The fifth chapter (Pañcamaḥ paṭalaḥ: Vayolakṣaṇādhikāraḥ) describes the stages of life and their value for the human species. According to this chapter an elephant up to the age of twelve is worthless; in twenty-fourth year his value is of a middle level and up to the sixtieth year, in respect to age, he is considered as best (v.1). A special name is given to them in each of these periods up to and including the fifth decade, after which no names are given.

Such as he is called Bāla or infant in the first year–“Bālāhvayo ayaṃ prathame tu varṣe” (v.2),
in the second year he is called puccuka–“Varṣadvaye Puccuka” (v.3),
in the third year he is known as upasarpa–“Sarpastṛtīye” (v.4),
in the fourth year he has been named as barbara–“…..pṛthulaścatuṣṭaye manāk prarohadaśano hi Barbara” (v.5),
it is named kalabha when reaches the fifth year–“….eṣa Kalabhaḥ prāptaḥ samāṃ pañcamīm” (v.6),
in the sixth year it is known as naikārika–“Naikārikaṃ tamiha ṣaṭsamamāmananti” (v.7),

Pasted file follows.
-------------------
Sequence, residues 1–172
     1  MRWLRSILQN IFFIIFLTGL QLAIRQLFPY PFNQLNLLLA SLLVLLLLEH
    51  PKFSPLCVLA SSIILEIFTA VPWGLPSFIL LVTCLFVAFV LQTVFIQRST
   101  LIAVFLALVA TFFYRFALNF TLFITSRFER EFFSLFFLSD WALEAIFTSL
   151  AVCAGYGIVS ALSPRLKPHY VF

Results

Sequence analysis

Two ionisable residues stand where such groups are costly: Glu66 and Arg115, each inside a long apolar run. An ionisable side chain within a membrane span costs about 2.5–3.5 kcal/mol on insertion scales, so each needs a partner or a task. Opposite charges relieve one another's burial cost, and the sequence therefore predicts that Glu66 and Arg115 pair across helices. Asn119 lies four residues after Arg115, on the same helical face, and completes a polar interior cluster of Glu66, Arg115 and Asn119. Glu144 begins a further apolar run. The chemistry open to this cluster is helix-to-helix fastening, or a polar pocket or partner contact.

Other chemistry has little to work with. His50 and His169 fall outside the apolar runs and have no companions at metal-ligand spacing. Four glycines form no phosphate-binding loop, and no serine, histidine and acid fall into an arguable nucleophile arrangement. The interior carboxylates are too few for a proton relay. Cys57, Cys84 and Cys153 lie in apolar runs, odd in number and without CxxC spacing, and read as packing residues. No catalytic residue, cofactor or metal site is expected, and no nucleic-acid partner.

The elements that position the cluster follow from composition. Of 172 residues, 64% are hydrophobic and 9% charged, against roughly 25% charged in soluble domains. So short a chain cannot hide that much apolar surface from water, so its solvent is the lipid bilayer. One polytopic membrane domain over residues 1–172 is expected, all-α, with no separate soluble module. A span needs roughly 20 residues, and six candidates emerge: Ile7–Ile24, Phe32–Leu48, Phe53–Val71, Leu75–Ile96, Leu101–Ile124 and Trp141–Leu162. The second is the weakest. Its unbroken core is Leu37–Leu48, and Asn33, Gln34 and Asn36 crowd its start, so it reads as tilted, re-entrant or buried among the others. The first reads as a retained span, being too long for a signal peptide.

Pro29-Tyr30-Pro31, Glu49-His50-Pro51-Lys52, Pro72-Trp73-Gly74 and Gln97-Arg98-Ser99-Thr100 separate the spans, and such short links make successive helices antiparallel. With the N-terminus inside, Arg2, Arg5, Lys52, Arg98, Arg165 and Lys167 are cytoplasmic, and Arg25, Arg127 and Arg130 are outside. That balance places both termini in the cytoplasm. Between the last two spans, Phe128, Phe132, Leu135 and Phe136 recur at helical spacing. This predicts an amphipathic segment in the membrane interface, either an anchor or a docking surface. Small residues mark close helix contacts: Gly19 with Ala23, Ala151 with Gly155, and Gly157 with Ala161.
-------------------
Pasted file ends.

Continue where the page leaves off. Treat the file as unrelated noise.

in the seventh year as śiśu–“…..saptavarṣaḥ Śiśuriti kathito asau….” (v.8)
and in eighth year as majjana–“praharaṇamṛduko asāvaṣṭame Majjanākhyaḥ” (v.9),
ninth year he is known as dantāruṇa -“Dantāruṇaṃ navasamāprabhavaṃ vadanti” (v.10)
and in the tenth year and the first stage of life, it is a vikka–“tejobalāḍhya daśame sukhādī yūthapraharṣī ca sa eva Vikkaḥ” (v.11).

From the tenth year he is named according to his stages of life. So in the second stage (dvitīyāṃ daśām) he is known as a pota or colt–“Potākhyaḥ smaravegavikramabalī yāto dvitīyāṃ daśām” (v.12). In the third stage (tṛtīyāṃ daśām) he is known as javana or swift one–“…..sa eva Javano yātastṛtīyāṃ daśām” (v.13). He is named as kalyāṇa or fine one–“Kalyāṇo hyayameva vāraṇyuvā prāptaścaturthīṃ daśām” (v.14) in his fourth stage, and yaudha or fighter in his fifth stage of life–“Yaudho nāma sadā madāvilakaṭaḥ prāpto daśāṃ pañcamīm” (v.15).[15]

[Table 2: Showing the life cycles of elephants]

Sl. No. Age grades Type / Qualities/ Caste Value
1. 1-12 Inferior mṛga caste Useless
2. 13-24 Inferior mṛga caste Middling value
3. 25-36 Noble and best, mṛga caste High Value
4. 37-48 Noble and best mṛga caste High Value
5. 49-60 Noble and best manda caste High Value
6. 61-72 Not so superior bhadra caste Commencement of declining phase
7. 73-84 Not so superior bhadra caste Declining phase
8. 85-96 Not so superior bhadra caste Declining phase
9. 97-108 Not so superior bhadra caste Declining phase
10. 109-120 Not so superior bhadra caste Declining phase


[Table 3: Table showing the various stages of life of an elephant (first ten years and five stages)]